THE epitaph which John Keats proposed for himself, in despair, at the close of his short life—”here lies one whose name was writ in water”—is one which many American diplomats have considered peculiarly apt for them. Not only have their careers and accomplishments been writ across water; but, despite their involvement in an important, fascinating, and exciting occupation, seemingly in it: no one for a long time paid much attention to them. From this watery erasure they have been little by little rescued in the last quarter century as their country, swept into the endless typhoon of international politics, acquired crucial and worldwide responsibilites. Among the increasing number of books by and about American diplomatic officers and diplomacy itself are recent ones writ not in water but in witch hunt and war. E. J. Kahn, Jr. on The China Hands and Harold J. Noble on the tribulations of Embassy Seoul during the North Korean invasion are exemplary of these. And no one need be reminded of the persistent newspaper reports which add other accounts in blood.
Two hundred and sixty years ago, the acute Francois de Callie’res concluded his treatise on diplomacy by noting that disappointments in life await everyone, but “in no profession are disappointments so amply outweighed by such rich opportunities as in the practice of diplomacy.” Opportunities to do what? To serve one’s country and, if his government is so oriented, to serve the combined causes of truth, international understanding, and peace. Thus, in the end, to serve civilization itself.
This may seem quite enough and so, it appears, thought some of our diplomatic officers of a generation ago, who devoted themselves to Chinese affairs. But there are responsibilities so closely intertwined with opportunities as to be inseparable from them and thus affect and even determine the nature of the opportunities themselves—to conduct oneself with skill, discretion, and an uncommon amount of common sense not only in a wholly different culture and sometimes historical period, thousands of miles away from one’s own headquarters, but with respect to those very headquarters, so as to win the respect and confidence of two different governments—the host and one’s own. This is not easy. Learning, political instinct, wisdom, and finesse, are required—sophistication, in a word—and they are as much the name of the game as opportunity.
I will avoid the temptation to excoriate the scurrilous and un-American witch hunt to which the McCarran-McCarthy-Hurley-Nixon-Chambers-Budenz crowd resorted in pursuing a perfectly legitimate question as to the reporting, conduct, and philosophic beliefs of American diplomatic representatives. Kahn has done so with a brilliance which will grip every reader from his first to his last page.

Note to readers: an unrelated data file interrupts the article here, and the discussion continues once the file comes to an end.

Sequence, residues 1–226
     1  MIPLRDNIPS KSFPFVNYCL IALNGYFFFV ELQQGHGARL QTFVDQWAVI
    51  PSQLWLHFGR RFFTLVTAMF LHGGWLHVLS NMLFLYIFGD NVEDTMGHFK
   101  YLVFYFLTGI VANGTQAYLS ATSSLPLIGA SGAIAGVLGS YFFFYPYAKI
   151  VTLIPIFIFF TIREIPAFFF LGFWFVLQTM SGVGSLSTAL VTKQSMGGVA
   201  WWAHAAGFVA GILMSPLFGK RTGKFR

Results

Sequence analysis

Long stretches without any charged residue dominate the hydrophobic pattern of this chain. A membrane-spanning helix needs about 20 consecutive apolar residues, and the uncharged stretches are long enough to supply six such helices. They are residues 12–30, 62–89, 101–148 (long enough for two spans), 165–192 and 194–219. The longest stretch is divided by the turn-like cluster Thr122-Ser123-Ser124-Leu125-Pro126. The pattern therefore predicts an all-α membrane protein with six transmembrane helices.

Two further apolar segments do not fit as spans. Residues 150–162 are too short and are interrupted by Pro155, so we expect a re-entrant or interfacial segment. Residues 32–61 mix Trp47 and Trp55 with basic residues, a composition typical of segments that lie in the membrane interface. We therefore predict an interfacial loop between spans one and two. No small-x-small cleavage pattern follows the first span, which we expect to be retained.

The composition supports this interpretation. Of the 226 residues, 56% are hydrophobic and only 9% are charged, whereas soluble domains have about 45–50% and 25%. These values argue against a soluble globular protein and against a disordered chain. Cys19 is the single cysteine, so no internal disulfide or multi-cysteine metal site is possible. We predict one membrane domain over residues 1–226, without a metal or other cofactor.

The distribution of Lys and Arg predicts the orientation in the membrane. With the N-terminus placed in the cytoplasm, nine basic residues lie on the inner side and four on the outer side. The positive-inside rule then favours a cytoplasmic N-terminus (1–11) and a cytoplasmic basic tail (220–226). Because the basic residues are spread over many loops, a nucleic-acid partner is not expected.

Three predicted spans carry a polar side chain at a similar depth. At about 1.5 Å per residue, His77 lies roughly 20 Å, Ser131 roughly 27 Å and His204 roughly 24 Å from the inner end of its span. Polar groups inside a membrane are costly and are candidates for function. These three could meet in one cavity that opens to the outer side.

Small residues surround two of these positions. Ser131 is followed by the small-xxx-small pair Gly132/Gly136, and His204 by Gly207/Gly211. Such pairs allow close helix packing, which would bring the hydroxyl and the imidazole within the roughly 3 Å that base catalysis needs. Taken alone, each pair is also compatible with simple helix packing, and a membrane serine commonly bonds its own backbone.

But neither will I succumb to the tempting conclusion to which the victims (and their defenders, including Kahn) have surrendered that this is all there is to their experience. Two myths were engendered by the witch hunt. One was that the China Hands and confederates in the State Department lost China and did so because, as Communists or Communist sympathizers, they secretly wanted this to occur and contributed whatever they could to bring it about. That was nonsense, without one iota of truth to blemish it. The other myth is pithily put by Professor John K. Fairbank in his dust-cover comment on Kahn’s book, viz. the China Hands were hounded out of the diplomatic service “because China’s revolution proceeded as they correctly foresaw it would.” On this premise, Kahn’s book, Fairbank says, “has the story.” It hasn’t. Persecuted, treated atrociously by some so-called “loyalty security boards,” deserted by all but an exceptional colleague, and hounded out of the Foreign Service some of the China Hands were; others escaped first-degree burns and survived but were forever mutilated in their careers; while still others went on to scale the heights. What accounts for these differences? The Kahns, Fairbanks, et al. are diverting us from the answer, which exacts a refined analysis of what diplomacy is, how well the China Hands performed in that arduous and risky calling, and how effectively the State Department and Presidents assisted them. The period was not simply one of McCarthyism; it was a period of gross diplomatic inadequacy with respect to China.
By taking one of the victims as an example, John S. Service, on whom Kahn focuses much of his attention, perhaps I may make my meaning clear in limited space. Service I do not know, but by all accounts he is one of the most decent, self-effacing, considerate, and—insofar as China is concerned— learned and perceptive of humans. But he had serious limitations, and the State Department did nothing whatever to detect and stimulate or assist him in overcoming them. President Roosevelt added to his burdens and risks by appointing a blundering, egocentric dunce of a general as his special representative and then as ambassador in Chungking. All of this was during a war, and it all exposed Service—and his government—to extraordinarily complex demands.